In support of its application, the firm submitted: - bibliographical data, particularly data enabling the efficacy and safety of SUBCUVIA to be evaluated in the extension of its indications for children, - intermediate results of a post-MA observational study, the PASS (Post Authorization Safety Surveillance) study. As only the poster presentation of the study is available, its results are presented for information purposes only.  3.1. Analysis of bibliographical data Of all the bibliographical data submitted by the company, three were retained.  · One case-control study1 to produce a retrospective evaluation of GAMMABULIN (predecessor of SUBCUVIA2) in 26 children aged 1.5 months to 15 years, suffering from primary immunodeficiencies and treated for a median duration of 2 years (6 months to 3.5 years). Fifteen children were pretreated with immunoglobulins (Ig) administered by intravenous (IV) method. Two groups were therefore created, those previously untreated (group A, n=11) and those pretreated (group B, n=15). After 6 months’ treatment, in group A, normal IgG concentrations were reached by all patients. In group B, the IgG level was maintained after SC administration of Ig. The SC route was preferred to the IV route. According to parents, SC administration improves quality of life even though there are more injections than with the IV route. This was a subjective evaluation in the form of 2 concise questionnaires3rather than validated scales. All patients felt pain in the injection area. No severe infections occurred.  · One observational study45, the objective of which was to determine, after 6 months’ treatment, the impact of switching from IV to SC in terms of safety and quality of life for children suffering from primary immunodeficiencies pretreated with IV immunoglobulins (Ig) with steady levels of IgG >5 g/l. The primary endpoint was safety (following parameters evaluated: blood pressure, heart rate, body weight and temperature, blood and biochemical findings). The secondary endpoints were: quality of life6, the use of healthcare resources7,documented bacterial infections8, IgG levels, and patients’ preference for IV or SC treatment.                                             1 Gaspar J et al. Immunoglobulin replacement treatment by rapid subcutaneous infusion. Arch Dis Child. 1998; 79: 48-51 2 SUBCUVIA is the same product as GAMMABULIN with an additional viral inactivation stage. 3 One evaluating SC injections, the other comparing the two administration methods after at least 6 months’ treatment 4 Fasth A. et al. Quality of life and health care resource utilization among children with primary immunodeficiency receiving home treatment with subcutaneous human immunoglobulin. J Clin Immunol. 2008; 28 (4): 370-78. 5 Fasth A. et al. Safety and efficacy of subcutaneous human immunoglobulin in children with primary immunodeficiency. Acta Pædiatrica. 2007;96: 1474–147. 6 The quality of life was assessed upon inclusion, at 3 and 6 months, using the validated CHQ questionnaire (Child Health Questionnaire) comprising 9 evaluation areas: overall health, physical function, behaviour, social limitations, pain, self-esteem, mental health, child’s health, emotional effect). The questionnaire for children includes 80 items and the one for parents includes 54. The overall score ranges from 0 to 100, with a high score corresponding to a better quality of life. 7 The use of healthcare resources was determined, upon inclusion and then after 3 and 6 months, using an 11-item questionnaire evaluating the level of school absenteeism or absences from other activities, the duration of antibiotic treatment, the number or duration of hospital stays, the number of consultations due to infection, etc. 8 An infection was identified as severe when antibiotics were required, serious if hospital admission was necessary.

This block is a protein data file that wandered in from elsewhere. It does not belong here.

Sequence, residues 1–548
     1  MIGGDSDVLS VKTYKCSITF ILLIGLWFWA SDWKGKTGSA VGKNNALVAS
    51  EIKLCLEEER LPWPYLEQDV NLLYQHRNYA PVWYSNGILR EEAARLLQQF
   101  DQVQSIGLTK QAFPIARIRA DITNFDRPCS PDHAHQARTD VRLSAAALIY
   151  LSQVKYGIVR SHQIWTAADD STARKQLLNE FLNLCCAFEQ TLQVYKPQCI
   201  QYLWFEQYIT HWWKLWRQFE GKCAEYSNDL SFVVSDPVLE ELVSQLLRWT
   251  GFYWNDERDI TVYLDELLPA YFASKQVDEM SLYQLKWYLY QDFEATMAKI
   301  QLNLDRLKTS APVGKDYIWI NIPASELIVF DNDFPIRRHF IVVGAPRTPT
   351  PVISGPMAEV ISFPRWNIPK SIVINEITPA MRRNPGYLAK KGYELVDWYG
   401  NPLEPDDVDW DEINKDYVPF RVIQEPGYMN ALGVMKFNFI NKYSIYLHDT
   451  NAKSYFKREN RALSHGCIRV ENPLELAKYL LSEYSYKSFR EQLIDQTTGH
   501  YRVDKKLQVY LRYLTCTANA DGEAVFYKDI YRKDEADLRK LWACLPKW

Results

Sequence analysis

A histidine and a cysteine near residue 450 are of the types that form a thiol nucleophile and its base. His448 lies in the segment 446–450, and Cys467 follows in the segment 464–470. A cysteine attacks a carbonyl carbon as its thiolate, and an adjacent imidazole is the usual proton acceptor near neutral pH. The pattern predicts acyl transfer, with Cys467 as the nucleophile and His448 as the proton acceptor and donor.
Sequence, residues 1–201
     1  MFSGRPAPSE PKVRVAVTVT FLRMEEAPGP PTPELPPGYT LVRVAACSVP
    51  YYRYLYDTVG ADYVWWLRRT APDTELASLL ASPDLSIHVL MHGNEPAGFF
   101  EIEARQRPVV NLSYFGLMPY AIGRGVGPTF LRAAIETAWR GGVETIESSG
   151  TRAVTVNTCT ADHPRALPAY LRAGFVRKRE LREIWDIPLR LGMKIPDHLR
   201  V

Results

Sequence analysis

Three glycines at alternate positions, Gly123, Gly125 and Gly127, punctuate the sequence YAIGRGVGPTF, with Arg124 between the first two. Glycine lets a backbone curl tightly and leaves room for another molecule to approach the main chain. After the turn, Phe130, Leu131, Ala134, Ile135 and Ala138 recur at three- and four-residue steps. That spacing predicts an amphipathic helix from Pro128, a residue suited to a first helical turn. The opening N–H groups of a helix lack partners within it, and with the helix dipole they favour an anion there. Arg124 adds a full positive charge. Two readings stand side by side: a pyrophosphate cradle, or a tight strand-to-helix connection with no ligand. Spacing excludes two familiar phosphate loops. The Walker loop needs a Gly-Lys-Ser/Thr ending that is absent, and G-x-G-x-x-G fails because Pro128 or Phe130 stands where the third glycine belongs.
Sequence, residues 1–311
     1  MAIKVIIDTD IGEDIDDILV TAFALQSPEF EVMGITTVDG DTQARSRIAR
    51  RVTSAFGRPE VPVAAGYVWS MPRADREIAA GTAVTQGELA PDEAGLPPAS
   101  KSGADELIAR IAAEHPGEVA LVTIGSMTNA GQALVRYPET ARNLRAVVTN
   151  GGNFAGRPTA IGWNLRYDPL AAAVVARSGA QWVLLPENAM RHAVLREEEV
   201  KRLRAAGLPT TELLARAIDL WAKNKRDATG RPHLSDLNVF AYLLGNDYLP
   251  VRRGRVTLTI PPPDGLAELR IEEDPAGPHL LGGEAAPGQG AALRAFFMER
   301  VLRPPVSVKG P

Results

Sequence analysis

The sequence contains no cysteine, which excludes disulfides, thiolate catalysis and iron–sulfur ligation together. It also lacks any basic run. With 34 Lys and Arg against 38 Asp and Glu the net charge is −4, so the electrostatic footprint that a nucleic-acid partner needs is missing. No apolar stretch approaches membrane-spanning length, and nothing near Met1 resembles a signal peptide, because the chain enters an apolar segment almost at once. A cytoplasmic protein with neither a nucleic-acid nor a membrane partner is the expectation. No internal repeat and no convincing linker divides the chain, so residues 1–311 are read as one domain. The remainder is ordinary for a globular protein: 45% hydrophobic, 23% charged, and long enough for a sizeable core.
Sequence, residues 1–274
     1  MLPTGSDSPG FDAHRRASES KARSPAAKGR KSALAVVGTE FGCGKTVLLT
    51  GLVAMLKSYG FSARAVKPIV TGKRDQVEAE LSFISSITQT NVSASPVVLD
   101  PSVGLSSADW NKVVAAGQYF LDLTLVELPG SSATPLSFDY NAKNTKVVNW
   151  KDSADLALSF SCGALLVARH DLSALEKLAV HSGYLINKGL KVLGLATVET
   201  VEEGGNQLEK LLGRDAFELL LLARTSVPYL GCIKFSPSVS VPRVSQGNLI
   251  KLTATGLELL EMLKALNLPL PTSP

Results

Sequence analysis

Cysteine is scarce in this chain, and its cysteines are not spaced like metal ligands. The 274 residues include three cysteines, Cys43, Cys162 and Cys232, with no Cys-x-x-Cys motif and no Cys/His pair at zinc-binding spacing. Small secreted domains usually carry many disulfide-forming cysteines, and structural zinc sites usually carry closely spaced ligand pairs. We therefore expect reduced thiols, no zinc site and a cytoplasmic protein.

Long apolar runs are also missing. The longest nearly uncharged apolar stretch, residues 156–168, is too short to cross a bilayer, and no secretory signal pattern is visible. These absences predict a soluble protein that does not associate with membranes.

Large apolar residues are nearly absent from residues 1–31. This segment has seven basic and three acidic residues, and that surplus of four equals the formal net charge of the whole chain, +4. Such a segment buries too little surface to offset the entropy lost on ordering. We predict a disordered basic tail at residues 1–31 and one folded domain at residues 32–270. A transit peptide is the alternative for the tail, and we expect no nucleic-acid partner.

Twelve children aged 1.7 to 17.1 were included (median age: 10.9), with a median IgG level of 12.1 g/l (7.0 to 20.6 g/l). The median IV Ig pretreatment duration was 2.9 years (0.2 – 8.3 years). The median dose of SUBCUVIA was 109 mg/kg/week (56 to 159 mg/kg/week), from twice weekly to once every two weeks.  No difference was observed in terms of safety. All patients had at least one adverse effect, the one most often observed being a reaction in the injection area9. Compared to baseline, after 6 months’ treatment, an improvement in quality of life was observed for the following items: - mental health, change in condition of health and family activities according to the parents’ evaluation, - emotional and social aspects and overall health, depending on the child. After 6 months, there was a decrease in school absenteeism. The rate of infection during the study (2 per month) was similar to the one observed during IV pretreatment (2.4 per month). The Ig levels were steady compared to baseline (median level 11.5 to 13.2 g/l). A preference for SC treatment was reported. It is not known whether the improvement in quality of life is due to switching from IV to SC method, or switching from hospital to home treatment or both. The study authors feel that prospective studies are needed to confirm these results.   According to the authors of a recent literature review10 (based on international · studies), SC administration of Ig to adults and children is well tolerated, could be used for patients who have suffered from adverse effects with IV administration, would enable normalised or elevated IgG levels to be maintained and protect against infections, would enable outpatient treatment as there is no need for venous access, would not require pretreatment with corticosteroids or antihistamines and would improve patient quality of life. The same conclusions are found in another study11.  3.2. Results of PASS study12 This is an observational study, whose primary objective was to document the safety of SUBCUVIA. The secondary objectives were to analyse clinically documented bacterial infections and changes in IgG levels. The inclusion criteria were as follows: primary or secondary immunodeficiencies with recurrent infections, patients requiring Ig replacement therapy, pretreated with IV or SC Ig other than SUBCUVIA with steady IgG levels5 g/l, or patients previously untreated with Ig.  The results of an intermediate analysis (not foreseen in the protocol) relating to data on the evaluation of 14 children aged 0.6 to 12.7 (median age: 4.5 years) are available. Ten of these patients were previously treated and 4 previously untreated with immunoglobulin replacement therapy13. The patient follow-up duration was 6 months.                                             9 With redness, swelling and localised heat. These reactions, which disappeared on their own within 2 hours, became less frequent after 1 to 2 months’ treatment. 10 Gardulf A. Immunoglobulin treatment for primary antibody deficiencies: advantages of the subcutaneous route. Biodrugs 2007; 21: 105-116. 11 Gardulf A. et al. Replacement Therapy and self-therapy at home improve the health-related quality of life in patients with primary antibody deficiencies. J Allergy Clin Immunol. 2006; 6: 434-442 12 Post-Authorisationof SUBCUVIA in immunodeficiency. Study results are still Safety Surveillance being analysed, as it commenced in March 2006 and enrolment was completed in December 2007 (79 patients included in all). For the 14 children included in the intermediate analysis, the last visit was scheduled before the end of October 2007. 13 these, two patients did not have the inclusion criteria required; they were only included in the Of safety analysis.